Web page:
Recently, with our backsliding becoming more obvious and the difficulties with running diesel vehicles in winter still an issue, we've come to realize that we need a new option, or we need to redesign our system to make biodiesel more viable. Many here have begun to question the merits of biodiesel as an eco-friendly option, particularly if we are purchasing it commercially. At this year's retreat an ad hoc committee was assigned the task of researching better options for vehicle transport at DR. We are looking at all kinds of options from electric vehicles to biodiesel, veggie oil, ethanol, and wood gasification. We are also exploring the option of two passenger or fewer vehicles.

I've been researching the possibilities of making our biodiesel system more sustainable. My idea is to have a farmer grow us canola that we would then press and use as fuel in diesel vehicles that have been converted with an Elsbett kit to run on straight veggie oil. The conversion modifies the engine so that it can run on biodiesel in the winter months without all the gelling problems, and can run on SVO during the warmer season. I've done calculations and found that it would take about 8-10 acres of land to grow the canola we'd need taking into account our projected fuel consumption.

Many people have issues with biodiesel because they think rainforests are destroyed to produce it from oil palm or land that could produce food is being used for fuel for cars. But biodiesel production, like many other products, can be made using destructive practices or using eco-friendly practices. If we made our own we would have organic, local fuel that is carbon neutral. Another criticism of biodiesel is that American fuel demand far exceeds the available land for growing fuel and food. But the way I see it, there is no one alternative that can fill all fuel demands in the way that oil has. It's going to take a number of different sources of fuel to keep the basics of our transportation system going. But without a doubt, as oil reserves dwindle consumption will have to go down, and when it does, biofuels will have some place in the mix. So I still see it as an option, and think everyone else should too. And in the comparison of biofuels, producing and burning straight veggie oil blows away ethanol in terms of the efficiency of production. We would need to purchase a press for about $3000, convert at least one of our vehicles for another $2500, and spend about 7 days a year to produce all our fuel. The press itself would be powered using renewable energy and the tractor and equipment used to grow the canola could be run on biodiesel we make from our veggie oil. This option would require some effort on our part, but less than was required when we were making our own biodiesel from waste oil.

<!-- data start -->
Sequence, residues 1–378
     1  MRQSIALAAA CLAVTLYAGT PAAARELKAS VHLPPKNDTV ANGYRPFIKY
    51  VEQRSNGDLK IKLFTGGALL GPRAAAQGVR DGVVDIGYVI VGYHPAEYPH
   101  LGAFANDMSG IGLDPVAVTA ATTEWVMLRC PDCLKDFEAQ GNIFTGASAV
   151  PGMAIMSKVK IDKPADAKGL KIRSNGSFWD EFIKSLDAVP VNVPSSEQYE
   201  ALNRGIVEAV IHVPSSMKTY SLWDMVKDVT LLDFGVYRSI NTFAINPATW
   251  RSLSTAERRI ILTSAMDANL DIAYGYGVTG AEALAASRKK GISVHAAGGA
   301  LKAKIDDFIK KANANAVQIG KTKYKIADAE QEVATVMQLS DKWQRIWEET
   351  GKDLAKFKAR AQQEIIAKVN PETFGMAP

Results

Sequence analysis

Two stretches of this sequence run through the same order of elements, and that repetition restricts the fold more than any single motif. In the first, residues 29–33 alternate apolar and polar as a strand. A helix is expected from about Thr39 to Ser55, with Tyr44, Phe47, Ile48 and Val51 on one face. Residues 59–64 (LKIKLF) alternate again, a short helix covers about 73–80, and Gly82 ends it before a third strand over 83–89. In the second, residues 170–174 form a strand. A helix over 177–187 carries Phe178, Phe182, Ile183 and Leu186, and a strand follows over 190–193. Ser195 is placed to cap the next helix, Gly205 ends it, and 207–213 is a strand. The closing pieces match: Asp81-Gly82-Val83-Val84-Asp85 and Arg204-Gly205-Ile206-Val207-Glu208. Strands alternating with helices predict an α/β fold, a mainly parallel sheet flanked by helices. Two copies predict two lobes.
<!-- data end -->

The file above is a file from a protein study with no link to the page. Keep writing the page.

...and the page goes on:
Tony has already proposed a large wind turbine to power a power co-op that will provide electricity to residences here. The turbine would be tied to the grid and during windy parts of the season would produce excess power that would be sold back to the grid. With this excess power he says we could also charge the batteries of an electric vehicle. He is looking into the Nissan Leaf, an EV that is due to come out later this year. Its price will supposedly be comparable to a similar gasoline vehicle and it's claimed to have lower maintenance costs. I'm thinking another possible use for the excess wind power is to power the oil press that would make our biofuels. We could make all our fuel during times of the year when power is abundant and have it ready when we need it. We may also end up deciding to try a couple of different options for fueling our cars. We probably can't find a 4X4 pick-up that would run on electricity, and the range of E.V.s is only about 100 miles so ours might be limited to certain kinds of trips.

It's exciting to think about being on the cutting edge of this technology. We will hopefully be able to develop a system that meets our needs and demonstrates that our future is a diversity of technologies. Nor can we expect, as many opponents of biofuels do, that we will find a single technology to replace oil. The abundance of oil got us into this place we are in, with such a complex economy that demands more and more fuel each year, but we have to accept that we are not likely to come up with anything that can even replicate let alone surpass oil's abundance.

1 comment:

Anonymous said...

The downside of electric or hybrid cars is battery life. In 3 to 5 years,a very expensive battery pack will need to be replaced ($3000-ish).In my opinion, for an electric car to become really viable, cheap and reliable batteries with a decade or so life need to be developed. The upside, in your case, is free charging. Personally, I think it would be fun to build an electric rat rod,using time tested and basic lead-acid(or nickel iron) batteries. Nickel iron batteries are old-school and not as "energy dense" as lead-acid, but they have a longer life,and are less toxic(two jobs ago, there was a nickel-iron battery pack that was 45 years old and still going). They're expensive, though.
It would be fun to build an electric car,and cheaper in the long run.